The “micro-canned” beer now carries a ‘CAMRA says This IS Real Ale’ logo on the packaging following testing at the organisation’s Great British Beer Festival.
CAMRA’s quality control laboratory at the festival reported that the beer in Moor Beer cans still contained live yeast. Further test results showed that any carbonation was created by natural secondary fermentation.
National chairman of CAMRA Colin Valentine said: “I’m delighted that we’ve been able to show that ‘micro-canned beer’ under the right circumstances can qualify as real ale.
‘Pinnacle of brewing skill’
“This means that more drinkers can get access to what we believe is the pinnacle of brewing skill – live beer which continues to ferment and develop in whichever container it’s served from.”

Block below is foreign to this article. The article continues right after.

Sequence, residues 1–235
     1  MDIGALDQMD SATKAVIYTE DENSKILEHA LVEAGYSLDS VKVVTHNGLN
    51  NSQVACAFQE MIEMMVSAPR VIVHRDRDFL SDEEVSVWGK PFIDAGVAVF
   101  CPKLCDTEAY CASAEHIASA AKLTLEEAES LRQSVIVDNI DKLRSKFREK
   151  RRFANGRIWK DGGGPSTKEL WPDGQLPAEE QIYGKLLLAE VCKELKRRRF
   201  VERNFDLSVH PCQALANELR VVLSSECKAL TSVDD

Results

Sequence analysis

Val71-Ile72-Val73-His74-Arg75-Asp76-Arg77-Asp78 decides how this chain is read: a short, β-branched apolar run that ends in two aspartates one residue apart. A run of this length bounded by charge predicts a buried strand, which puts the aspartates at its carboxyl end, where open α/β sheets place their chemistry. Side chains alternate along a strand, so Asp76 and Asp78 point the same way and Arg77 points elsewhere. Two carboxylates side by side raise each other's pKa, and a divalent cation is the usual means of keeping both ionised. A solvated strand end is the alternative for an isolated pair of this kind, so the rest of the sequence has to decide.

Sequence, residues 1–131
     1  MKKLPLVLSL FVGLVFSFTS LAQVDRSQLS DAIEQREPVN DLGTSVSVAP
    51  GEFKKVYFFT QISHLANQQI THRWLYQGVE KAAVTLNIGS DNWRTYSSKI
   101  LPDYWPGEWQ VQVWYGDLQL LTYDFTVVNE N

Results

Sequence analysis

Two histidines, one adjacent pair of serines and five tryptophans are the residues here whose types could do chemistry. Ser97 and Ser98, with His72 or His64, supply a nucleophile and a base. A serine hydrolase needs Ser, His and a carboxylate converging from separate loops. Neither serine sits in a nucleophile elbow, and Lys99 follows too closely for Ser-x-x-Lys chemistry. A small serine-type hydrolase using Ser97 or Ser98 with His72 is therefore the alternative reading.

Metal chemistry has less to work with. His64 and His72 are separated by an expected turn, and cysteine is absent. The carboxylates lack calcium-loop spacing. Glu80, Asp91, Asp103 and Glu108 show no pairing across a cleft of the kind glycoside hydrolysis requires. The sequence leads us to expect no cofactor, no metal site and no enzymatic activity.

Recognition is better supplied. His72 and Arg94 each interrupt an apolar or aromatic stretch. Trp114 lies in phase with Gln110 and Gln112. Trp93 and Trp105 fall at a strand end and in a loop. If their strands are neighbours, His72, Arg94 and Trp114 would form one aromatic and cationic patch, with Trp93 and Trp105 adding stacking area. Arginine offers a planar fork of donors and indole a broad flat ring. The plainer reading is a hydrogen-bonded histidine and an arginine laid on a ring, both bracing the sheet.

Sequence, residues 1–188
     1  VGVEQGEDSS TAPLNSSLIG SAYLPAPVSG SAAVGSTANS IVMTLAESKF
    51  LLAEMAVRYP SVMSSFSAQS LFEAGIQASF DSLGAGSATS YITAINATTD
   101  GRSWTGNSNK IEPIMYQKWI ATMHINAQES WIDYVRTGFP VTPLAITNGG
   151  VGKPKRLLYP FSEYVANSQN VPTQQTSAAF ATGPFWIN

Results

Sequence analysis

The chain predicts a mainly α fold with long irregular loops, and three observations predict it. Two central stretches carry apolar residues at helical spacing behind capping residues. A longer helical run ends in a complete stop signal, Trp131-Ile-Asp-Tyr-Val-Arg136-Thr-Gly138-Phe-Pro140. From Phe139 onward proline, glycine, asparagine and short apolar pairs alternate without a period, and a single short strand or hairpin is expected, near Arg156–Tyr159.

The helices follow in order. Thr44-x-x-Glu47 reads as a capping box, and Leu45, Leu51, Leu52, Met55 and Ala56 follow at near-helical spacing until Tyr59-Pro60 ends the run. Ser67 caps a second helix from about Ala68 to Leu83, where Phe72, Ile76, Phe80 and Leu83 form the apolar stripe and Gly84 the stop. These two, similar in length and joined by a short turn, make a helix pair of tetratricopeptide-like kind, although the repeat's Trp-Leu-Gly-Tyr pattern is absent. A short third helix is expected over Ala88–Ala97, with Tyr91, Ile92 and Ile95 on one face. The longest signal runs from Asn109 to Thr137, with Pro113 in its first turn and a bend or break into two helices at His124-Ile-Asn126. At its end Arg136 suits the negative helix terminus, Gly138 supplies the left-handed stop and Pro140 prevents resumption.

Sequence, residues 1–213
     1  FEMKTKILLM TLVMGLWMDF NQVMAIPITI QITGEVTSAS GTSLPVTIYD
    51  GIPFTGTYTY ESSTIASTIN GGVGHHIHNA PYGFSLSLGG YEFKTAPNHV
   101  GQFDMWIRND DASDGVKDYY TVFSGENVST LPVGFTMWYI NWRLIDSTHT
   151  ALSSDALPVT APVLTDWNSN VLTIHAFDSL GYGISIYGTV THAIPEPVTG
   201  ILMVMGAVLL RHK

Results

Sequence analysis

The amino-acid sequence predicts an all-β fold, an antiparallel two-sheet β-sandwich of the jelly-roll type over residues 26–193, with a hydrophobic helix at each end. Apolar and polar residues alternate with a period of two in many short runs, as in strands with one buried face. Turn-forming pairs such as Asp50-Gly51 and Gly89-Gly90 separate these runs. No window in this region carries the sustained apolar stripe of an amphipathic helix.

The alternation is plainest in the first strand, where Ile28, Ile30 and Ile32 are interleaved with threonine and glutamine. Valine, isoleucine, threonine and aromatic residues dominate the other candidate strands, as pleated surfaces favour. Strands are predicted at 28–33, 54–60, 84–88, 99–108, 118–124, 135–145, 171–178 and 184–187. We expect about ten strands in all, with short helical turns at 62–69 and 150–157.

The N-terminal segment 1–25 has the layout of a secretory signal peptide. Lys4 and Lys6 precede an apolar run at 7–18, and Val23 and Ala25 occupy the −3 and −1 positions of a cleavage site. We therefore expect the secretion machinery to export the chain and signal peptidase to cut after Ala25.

Valentine added that similar tests on single use keg beers had been implemented before and had been accepted those as real ale. He hoped brewers will continue to find ways of making real ale accessible to drinkers.
Justin Hawke from Moor Beer said: “I moved to England because of my love for real ale, so when I made the decision to can our beer there was only one way we were going to do it – fully can-conditioned with live yeast.
“We invested very heavily in our canning line and process control to get it right, taking a huge risk being the first to go down this path.”
Cans make for a more environmentally friendly container said Hawke and the brewery worked to make the outside of the can “as awesome as the beer inside”.
Meanwhile, the traditional British pub as we know it is on the decline and is now being superseded by new types of venues in unconventional spaces, according to findings from CAMRA.
At the same time, alcoholic drinks saw a spike in supermarket sales by 8.5% for the 12 weeks leading to September 11.